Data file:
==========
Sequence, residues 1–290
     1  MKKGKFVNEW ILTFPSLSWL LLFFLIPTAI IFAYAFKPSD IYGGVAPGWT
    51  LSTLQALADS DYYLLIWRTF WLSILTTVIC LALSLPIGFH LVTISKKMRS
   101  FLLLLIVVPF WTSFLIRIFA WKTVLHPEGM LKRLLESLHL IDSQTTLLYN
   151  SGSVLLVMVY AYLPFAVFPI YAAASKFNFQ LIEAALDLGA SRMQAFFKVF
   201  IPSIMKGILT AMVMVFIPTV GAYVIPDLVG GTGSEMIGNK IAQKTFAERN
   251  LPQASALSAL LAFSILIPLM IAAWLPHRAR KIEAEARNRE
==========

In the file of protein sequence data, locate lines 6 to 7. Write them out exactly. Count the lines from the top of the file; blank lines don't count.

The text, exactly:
   201  IPSIMKGILT AMVMVFIPTV GAYVIPDLVG GTGSEMIGNK IAQKTFAERN
   251  LPQASALSAL LAFSILIPLM IAAWLPHRAR KIEAEARNRE